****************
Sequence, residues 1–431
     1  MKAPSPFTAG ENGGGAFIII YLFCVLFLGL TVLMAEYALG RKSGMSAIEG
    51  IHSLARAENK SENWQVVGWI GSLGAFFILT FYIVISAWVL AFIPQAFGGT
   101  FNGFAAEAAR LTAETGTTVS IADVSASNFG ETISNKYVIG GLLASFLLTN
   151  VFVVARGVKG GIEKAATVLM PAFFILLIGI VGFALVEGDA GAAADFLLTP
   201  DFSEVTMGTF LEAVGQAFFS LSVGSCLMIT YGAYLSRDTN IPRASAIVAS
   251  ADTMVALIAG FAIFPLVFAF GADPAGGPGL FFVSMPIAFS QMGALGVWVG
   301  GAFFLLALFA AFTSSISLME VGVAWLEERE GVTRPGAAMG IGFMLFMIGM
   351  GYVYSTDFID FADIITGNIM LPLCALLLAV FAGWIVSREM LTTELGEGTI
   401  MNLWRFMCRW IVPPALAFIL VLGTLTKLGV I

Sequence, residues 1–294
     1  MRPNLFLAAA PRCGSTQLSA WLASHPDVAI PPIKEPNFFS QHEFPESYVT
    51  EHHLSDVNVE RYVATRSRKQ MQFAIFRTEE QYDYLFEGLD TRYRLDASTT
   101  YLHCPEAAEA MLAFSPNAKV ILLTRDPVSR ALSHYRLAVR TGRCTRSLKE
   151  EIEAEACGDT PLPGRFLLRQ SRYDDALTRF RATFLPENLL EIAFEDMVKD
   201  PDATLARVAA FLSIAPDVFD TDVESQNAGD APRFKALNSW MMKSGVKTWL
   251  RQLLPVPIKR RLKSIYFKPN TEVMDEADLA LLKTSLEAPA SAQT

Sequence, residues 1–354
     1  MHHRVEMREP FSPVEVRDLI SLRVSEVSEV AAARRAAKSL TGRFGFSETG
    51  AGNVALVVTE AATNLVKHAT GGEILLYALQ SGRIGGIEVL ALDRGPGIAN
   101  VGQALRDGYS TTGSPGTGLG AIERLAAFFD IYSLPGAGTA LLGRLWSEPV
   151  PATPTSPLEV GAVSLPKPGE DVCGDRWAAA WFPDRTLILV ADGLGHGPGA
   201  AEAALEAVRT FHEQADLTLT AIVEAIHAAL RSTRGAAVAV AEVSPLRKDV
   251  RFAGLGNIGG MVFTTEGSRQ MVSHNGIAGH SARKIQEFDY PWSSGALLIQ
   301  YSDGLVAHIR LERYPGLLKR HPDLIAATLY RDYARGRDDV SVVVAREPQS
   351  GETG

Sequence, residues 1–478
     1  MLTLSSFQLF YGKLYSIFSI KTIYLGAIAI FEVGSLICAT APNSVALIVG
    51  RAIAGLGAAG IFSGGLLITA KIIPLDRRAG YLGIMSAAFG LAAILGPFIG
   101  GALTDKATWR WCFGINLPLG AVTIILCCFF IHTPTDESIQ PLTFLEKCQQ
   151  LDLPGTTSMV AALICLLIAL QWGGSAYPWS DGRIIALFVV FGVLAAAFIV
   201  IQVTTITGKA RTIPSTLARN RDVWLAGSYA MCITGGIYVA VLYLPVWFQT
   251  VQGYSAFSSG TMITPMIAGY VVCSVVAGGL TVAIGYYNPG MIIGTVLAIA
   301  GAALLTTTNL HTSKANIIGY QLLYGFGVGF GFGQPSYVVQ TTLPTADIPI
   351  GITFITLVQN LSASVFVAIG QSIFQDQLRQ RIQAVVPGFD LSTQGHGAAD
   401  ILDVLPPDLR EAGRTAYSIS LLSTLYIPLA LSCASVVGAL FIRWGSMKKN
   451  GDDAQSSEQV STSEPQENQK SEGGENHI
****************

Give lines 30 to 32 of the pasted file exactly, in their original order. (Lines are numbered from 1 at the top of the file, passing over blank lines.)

   101  GALTDKATWR WCFGINLPLG AVTIILCCFF IHTPTDESIQ PLTFLEKCQQ
   151  LDLPGTTSMV AALICLLIAL QWGGSAYPWS DGRIIALFVV FGVLAAAFIV
   201  IQVTTITGKA RTIPSTLARN RDVWLAGSYA MCITGGIYVA VLYLPVWFQT